Creighton’s Grant Gibbs May Try for Tricky Sixth Year

Grant Gibbs, running mate for All-American Doug McDermott at Creighton, may be seeking a sixth year. But Gibbs will have a challenging and uncertain case, even if the school gets the go-ahead from its law firm to file the case:

Gibbs has actually had a rather complex career. He spent two seasons at Gonzaga before transferring to Creighton, but the first year at Gonzaga, a redshirt year, coincided with an injury that would have kept him off the floor anyway. And when he sat out the customary transfer year at Creighton, he also had knee surgery.

Laying out Gibbs’ career as a compliance office would looks like this:

  • 2008-09: Redshirted at Gonzaga with injury
  • 2009-10: Played at Gonzaga
  • 2010-11: Sat out at Creighton following transfer; Had knee surgery
  • 2011-12: Played at Creighton
  • 2012-13: Played at Creighton

A sixth-year clock extension waiver requires two denied participation opportunities. The two bold years above are the years Creighton will argue for the waiver. Both have a problem. The first injury is from 4-5 years ago and will depend on how well documented Gibbs’ injury was. The second is even more problematic, especially if the injury did not come up until after his transfer to Creighton.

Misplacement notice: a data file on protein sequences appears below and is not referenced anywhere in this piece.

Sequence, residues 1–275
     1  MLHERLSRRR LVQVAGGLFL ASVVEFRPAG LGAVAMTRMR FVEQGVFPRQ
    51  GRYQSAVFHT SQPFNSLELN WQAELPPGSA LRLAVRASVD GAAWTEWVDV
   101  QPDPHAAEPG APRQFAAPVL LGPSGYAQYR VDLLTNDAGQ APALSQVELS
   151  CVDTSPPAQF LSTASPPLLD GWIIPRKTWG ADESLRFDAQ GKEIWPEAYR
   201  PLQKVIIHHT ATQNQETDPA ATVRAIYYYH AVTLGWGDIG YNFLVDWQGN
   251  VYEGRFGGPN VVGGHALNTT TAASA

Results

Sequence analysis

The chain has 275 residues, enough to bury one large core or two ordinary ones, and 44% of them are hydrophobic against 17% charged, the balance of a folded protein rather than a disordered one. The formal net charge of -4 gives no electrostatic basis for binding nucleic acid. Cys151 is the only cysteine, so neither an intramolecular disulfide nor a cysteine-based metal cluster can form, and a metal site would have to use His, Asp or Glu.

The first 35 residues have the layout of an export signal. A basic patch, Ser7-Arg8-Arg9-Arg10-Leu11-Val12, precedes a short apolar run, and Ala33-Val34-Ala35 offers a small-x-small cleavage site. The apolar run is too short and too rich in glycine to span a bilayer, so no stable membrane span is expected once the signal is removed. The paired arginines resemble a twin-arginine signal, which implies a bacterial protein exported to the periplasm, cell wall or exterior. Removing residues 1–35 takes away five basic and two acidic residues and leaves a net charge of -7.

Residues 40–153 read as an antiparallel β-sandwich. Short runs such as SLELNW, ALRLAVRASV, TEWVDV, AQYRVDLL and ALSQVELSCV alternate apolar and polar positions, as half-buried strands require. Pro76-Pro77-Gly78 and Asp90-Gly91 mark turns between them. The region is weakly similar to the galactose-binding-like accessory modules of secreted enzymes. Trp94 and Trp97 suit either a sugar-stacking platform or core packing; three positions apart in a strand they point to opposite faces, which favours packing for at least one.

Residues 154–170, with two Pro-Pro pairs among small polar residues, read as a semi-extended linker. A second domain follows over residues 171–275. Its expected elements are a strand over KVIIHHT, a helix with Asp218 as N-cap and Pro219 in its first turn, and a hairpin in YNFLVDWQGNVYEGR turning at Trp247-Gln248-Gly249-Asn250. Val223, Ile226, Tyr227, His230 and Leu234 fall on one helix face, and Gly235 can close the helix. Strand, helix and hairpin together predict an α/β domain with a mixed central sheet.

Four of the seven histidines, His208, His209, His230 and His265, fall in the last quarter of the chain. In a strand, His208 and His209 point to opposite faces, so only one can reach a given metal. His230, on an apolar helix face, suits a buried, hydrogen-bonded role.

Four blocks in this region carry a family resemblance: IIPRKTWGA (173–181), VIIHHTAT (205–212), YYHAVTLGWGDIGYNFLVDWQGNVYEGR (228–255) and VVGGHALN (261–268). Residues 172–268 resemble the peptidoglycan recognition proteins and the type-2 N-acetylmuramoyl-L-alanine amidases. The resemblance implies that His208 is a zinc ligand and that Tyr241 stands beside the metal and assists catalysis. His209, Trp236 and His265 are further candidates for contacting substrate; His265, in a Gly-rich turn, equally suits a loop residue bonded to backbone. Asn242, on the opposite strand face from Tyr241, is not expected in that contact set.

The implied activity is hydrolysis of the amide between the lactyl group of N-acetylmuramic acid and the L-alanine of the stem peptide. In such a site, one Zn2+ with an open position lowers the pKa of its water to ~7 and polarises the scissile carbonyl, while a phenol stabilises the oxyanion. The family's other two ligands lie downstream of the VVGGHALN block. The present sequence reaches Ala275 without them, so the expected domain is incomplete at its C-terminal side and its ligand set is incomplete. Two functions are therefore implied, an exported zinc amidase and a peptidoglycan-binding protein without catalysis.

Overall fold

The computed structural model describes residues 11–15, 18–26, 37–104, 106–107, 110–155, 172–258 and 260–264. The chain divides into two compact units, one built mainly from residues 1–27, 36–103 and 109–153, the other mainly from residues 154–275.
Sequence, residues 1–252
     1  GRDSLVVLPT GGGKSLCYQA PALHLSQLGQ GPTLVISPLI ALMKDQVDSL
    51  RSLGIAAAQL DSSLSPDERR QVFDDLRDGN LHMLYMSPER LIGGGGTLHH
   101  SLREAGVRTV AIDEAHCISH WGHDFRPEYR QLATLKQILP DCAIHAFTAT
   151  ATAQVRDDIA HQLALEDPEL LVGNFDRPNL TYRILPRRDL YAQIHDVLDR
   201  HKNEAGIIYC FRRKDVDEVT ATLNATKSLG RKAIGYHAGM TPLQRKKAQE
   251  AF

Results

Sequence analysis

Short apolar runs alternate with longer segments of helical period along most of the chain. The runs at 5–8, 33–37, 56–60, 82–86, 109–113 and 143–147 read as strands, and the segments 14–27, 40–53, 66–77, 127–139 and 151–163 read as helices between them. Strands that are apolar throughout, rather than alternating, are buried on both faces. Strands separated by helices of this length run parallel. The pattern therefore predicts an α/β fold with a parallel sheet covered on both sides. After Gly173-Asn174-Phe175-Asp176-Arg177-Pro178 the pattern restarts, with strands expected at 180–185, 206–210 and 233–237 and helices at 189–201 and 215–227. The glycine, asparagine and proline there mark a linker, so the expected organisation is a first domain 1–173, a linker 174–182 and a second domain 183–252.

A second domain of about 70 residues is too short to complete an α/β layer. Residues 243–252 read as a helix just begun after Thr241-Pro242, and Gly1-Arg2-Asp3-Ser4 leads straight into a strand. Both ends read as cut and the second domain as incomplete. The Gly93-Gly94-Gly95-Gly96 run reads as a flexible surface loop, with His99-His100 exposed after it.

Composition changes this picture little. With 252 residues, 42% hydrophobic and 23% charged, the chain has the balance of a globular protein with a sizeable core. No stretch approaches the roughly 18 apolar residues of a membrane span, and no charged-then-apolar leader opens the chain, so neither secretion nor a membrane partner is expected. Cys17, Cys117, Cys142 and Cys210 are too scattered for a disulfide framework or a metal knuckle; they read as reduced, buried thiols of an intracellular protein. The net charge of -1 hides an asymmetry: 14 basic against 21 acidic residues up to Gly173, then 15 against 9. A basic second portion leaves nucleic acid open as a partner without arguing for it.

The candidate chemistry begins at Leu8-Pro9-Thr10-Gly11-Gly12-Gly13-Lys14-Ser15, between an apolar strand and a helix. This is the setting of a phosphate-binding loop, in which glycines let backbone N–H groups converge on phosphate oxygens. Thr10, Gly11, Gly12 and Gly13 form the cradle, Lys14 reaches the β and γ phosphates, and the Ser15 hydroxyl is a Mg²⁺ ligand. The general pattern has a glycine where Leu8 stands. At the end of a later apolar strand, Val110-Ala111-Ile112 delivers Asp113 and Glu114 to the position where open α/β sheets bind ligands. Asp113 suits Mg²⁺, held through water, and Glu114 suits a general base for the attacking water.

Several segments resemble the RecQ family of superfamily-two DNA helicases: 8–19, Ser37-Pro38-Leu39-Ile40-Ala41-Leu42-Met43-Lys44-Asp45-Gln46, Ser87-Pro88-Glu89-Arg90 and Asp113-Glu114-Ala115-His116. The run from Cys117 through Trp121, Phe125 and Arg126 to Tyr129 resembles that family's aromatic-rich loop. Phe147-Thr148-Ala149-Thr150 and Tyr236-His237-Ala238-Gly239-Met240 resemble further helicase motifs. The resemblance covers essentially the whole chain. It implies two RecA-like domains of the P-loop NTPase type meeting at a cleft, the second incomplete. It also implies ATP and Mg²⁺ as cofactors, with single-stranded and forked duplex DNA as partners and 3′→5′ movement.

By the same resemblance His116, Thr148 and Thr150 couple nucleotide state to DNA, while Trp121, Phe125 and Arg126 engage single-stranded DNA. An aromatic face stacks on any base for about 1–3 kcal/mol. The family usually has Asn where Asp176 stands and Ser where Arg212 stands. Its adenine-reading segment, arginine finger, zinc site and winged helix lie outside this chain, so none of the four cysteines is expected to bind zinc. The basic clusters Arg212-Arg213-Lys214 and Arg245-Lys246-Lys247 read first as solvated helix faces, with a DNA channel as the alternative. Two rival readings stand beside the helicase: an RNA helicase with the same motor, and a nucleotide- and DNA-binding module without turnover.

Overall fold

Sixth-year waivers, contrary to popular belief, can be slam dunks. An athlete who has received two medical hardship waivers almost automatically qualifies for a sixth year. Gibbs’ case is much more difficult though. I put his odds at slightly better than Donte Hill’s, but would not bet the rent on either.

2 Responses to “Creighton’s Grant Gibbs May Try for Tricky Sixth Year”

  1. My son plays basketball for a d3 school in new England. He was heavily recruited by a somewhat famous D1 coach in New England who promised him immediate playing time as a freshmen and a good possibility of winning rookie of the year and all everything. Then life happened to my son . He was kicked off his high school team as a senior captain(voted by the players) his father was diagnosed with kidney cancer and his high school sweetheart left him. With all the pressure on John we suggested a redshirt year but the coach said he would be starting and Basketball would probably be good for him. John was diagnosed and treated for severe depression but he was able to attend every practice and every game. He played sparingly his freshmen and sophomore years but then given a chance to start he was voted captain and was top in his team in most categories and his senior year was voted an honorable mention as all conference and 1st team all -new hampshirehe struggled to maintain academic eligibility but he did so now he will go to Daniel Webster for 1 more year to get his degree. My question is is he eligible to play one more year of basketball Thanks for Your Time Michael P.s. any advice would be welcome

    • David Frank

      If he has played four years he will not be eligible. You have five years to play four years. If he hasn’t played four years, he would need to be in his fifth year or have an injury that could possibly get him his sixth year.

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